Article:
The OBF principles of WELLNESS – Principle 8 – Find activities that give you a sense of purpose and connectedness.
The OBF Principles of WELLNESS
1 – Know your values and live them.
2 – Surround yourself with positive and supportive people. Who is in your circle?
3 – Weed out things and relationships that do not support you.
4 – Have what you want AND want what you have.
5 – Practice gratitude.
6 – Breath, bounce, sweat and move.
7 – Eat nature’s food and play natures rules.
8- Find activities that give you a sense of purpose and connectedness.
9 – Align your life actions to your life’s purpose.
Principle 8- Find activities that give you a sense of purpose and connectedness.
“Success without fulfilment is failure”, Tony Robins
Scientists once thought happiness was almost completely hereditary (dictated by a genetically determined “set point”). But thankfully, they have since discovered that in fact we have far more control over our own emotional well-being than previously believed. Happiness is found in our daily actions. Cementing your daily actions with activities that give you a sense of purpose and connectedness will pave the creation of a life well lived.
I WILL SHARE WITH YOU ONE ACTIVITY THAT WILL RESULT IN A FEELING OF PURPOSE AND CONNECTNESS……
Perform Altruistic Acts of Kindness –
Research has shown that altruistic acts of kindness reduces stress and improves your mental health. The good thing with this approach is also that it not only makes you a happier person, it also makes the people you are kind to happier.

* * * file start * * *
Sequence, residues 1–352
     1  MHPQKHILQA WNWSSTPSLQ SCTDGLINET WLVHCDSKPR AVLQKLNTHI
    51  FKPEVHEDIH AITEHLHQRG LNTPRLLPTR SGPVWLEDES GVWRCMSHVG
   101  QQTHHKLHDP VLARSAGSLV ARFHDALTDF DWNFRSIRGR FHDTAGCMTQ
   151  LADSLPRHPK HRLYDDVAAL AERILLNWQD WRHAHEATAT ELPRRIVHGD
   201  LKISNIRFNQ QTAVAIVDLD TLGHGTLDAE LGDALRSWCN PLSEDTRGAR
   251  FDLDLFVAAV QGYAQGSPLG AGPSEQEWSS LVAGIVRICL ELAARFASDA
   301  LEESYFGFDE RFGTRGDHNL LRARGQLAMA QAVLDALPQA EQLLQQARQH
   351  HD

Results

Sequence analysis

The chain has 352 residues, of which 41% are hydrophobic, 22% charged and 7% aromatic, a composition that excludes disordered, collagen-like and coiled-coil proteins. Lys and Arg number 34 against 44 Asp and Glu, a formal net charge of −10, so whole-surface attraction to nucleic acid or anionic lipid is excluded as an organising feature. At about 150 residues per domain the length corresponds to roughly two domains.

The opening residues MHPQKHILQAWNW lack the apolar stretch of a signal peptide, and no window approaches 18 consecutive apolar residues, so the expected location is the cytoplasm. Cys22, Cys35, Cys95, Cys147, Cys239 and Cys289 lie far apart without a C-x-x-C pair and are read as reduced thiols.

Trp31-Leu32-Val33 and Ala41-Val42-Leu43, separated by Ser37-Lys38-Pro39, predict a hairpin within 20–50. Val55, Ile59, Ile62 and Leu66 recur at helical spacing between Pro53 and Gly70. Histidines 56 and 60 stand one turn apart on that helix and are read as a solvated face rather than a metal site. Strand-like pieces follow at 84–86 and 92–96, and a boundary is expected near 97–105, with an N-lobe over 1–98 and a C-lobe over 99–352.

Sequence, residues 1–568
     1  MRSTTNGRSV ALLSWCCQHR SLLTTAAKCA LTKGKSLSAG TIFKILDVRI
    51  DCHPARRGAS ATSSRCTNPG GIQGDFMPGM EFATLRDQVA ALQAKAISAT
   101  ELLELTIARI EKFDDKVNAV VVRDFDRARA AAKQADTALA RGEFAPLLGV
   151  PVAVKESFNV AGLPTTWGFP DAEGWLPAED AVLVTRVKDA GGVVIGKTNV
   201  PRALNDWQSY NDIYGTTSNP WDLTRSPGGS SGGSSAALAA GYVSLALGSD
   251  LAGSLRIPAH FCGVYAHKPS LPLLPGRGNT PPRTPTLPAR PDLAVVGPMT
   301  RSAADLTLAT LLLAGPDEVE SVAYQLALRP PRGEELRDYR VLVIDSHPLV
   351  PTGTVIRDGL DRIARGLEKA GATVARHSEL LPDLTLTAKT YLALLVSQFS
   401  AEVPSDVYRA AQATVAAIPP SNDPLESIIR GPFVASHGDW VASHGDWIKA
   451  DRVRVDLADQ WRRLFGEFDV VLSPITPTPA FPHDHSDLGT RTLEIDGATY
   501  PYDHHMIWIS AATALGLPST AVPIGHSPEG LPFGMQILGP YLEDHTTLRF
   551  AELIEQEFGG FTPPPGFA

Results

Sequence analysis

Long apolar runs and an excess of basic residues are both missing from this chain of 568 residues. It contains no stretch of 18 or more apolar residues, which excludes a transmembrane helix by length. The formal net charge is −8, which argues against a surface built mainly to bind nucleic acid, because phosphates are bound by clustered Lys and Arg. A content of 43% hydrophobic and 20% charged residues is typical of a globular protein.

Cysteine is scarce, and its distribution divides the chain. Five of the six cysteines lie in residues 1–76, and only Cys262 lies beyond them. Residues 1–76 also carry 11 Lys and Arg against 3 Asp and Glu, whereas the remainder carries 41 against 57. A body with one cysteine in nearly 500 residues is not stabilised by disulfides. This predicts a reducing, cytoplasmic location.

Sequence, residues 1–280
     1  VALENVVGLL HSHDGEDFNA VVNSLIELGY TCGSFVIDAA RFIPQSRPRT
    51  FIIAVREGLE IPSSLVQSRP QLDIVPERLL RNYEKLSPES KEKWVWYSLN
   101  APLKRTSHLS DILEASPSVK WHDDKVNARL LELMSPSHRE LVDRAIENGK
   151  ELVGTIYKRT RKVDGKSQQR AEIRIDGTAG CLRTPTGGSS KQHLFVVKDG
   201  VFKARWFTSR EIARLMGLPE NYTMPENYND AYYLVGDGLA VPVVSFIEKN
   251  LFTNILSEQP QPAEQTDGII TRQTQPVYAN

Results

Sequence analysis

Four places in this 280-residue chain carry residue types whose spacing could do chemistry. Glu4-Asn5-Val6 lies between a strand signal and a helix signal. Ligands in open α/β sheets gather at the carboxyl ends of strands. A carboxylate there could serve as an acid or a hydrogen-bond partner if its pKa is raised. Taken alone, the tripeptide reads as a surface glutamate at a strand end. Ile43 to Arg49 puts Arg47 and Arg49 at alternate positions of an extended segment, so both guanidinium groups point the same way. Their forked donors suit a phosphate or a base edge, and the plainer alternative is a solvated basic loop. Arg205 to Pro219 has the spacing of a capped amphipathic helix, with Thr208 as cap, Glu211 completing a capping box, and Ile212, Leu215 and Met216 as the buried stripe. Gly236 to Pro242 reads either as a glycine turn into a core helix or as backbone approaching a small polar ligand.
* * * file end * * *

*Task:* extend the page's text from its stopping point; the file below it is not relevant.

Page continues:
Mother Teresa once said, “We cannot do great things on this earth, only small things with great love.”
Kindness means a behavioural response of compassion and actions that are selfless; or a mind-set that places compassion for others before one’s own interests. In performing the selfless act, a person may undercut their own selfish interests.
Kindness is a value that is often disregarded. Why is kindness so undervalued? In part, it’s because kind people may be viewed as “enablers” by some, or worse, as “push overs” by the cynical. Thus, the cynic’s view that one is a “push over” if one behaves in a kind manner toward others, reflects a belief system that success is only achieved through stepping on or ignoring others. Yet, the cynic’s behaviour rarely results in true happiness—that sense of feeling loved, that one’s true destiny and purpose are fulfilled, and that what one is doing matters in the most profound sense.
In fact, kindness is linked inextricably to happiness and contentment—at both the psychological and spiritual level. Over a decade ago, in a study of Japanese undergraduates, researchers, Otake and colleagues, found that happy people were kinder than people who were not happy. Their study also revealed and that one’s sense of happiness increased by the simple act of counting the number of one’s acts of kindness. Counting one’s acts of kindness also led happy people to become more kind and grateful.
Why do random acts of kindness increase a person’s sense of happiness? Because kindness can promote gratitude.
Random acts of kindness are just one example, the challenge is to create an existence of purpose and connectedness on YOUR life journey.